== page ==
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Scientists Locate Brain Physics Engine That Predicts Human Movement

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The ability to predict and take action in response to a stimulus is necessary for human survival. Fortunately, humans are physics masters capable of predicting how objects behave and this ability can be attributed to the so-called physics engine of the brain.

The engine comes alive when people witness physical events happen. Now, findings of a new study set to be published in the journal Proceedings of the National Academy of Sciences, revealed where the physics engine is located.

Researchers discovered that it is not found in the vision center of the brain but rather in a set of regions involved in planning actions. This suggests that the human brain constantly make real-time physics calculations so people can quickly come up with necessary actions such as to catch, dodge, or hoist.

The discovery may help scientists design better robots as well as shed light on movement disorders such as apraxia. Researchers think it is possible that people with damage to the brain's motor areas may also have trouble making physical judgements.

Study researcher Jason Fischer, from Johns Hopkins University, and colleagues conducted a series of experiments to determine the parts of the brain that play a role in physical inference.

Fischer and colleagues asked participants to look at videos of Jenga-style block towers and to predict where the blocks would likely land if the tower topples. The participants were also asked to guess if the tower have more yellow or blue blocks. The ability to predict the direction of the falling blocks involves physical intuition while guessing the color of the blocks was visual.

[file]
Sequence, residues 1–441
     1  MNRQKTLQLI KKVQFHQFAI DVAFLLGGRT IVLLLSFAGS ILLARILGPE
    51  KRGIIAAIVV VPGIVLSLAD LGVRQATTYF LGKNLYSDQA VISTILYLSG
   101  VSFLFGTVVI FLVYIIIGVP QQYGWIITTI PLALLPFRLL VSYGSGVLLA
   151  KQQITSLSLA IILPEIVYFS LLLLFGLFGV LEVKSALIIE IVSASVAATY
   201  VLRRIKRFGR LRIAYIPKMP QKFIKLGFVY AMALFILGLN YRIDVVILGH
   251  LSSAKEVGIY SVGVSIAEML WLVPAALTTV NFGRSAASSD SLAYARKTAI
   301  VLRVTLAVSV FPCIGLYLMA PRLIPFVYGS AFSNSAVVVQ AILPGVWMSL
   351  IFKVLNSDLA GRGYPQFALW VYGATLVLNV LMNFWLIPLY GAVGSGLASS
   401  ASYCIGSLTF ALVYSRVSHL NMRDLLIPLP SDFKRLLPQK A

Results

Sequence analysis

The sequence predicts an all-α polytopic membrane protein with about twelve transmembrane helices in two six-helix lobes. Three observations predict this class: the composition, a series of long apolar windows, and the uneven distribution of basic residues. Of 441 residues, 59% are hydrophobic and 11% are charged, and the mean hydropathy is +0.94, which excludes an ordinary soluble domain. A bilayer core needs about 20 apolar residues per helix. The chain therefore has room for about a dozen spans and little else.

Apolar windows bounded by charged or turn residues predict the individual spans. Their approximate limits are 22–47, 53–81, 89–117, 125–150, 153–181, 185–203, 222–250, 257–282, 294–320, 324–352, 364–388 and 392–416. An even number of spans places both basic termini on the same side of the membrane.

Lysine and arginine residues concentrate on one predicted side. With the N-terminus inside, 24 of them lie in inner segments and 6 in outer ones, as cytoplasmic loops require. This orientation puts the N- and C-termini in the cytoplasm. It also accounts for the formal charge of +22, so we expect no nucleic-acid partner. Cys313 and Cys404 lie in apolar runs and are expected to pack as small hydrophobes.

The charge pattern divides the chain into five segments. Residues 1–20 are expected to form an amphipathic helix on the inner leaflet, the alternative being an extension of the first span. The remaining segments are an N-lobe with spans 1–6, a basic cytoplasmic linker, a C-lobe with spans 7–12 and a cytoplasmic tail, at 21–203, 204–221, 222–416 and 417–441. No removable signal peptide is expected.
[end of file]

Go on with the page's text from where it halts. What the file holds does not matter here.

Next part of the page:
The researchers also asked participants to look at a video of two dots that bounce around the screen and had them predict where the dots were headed.

Based on the observed brain activities of the participants, the researchers found that when they try to predict the physical outcomes of the blocks and dots, the most responsive of their brain regions include those in the action planning areas of the brain.

When the participants were asked to watch short movie clips, the researchers found that the clips with more physics content is linked with activation of more key brain regions.

"The brain activity reflected the amount of physical content in a movie, even if people weren't consciously paying attention to it," Fischer said explaining that this shows people make physical inferences all the time regardless that they do not even think about it.

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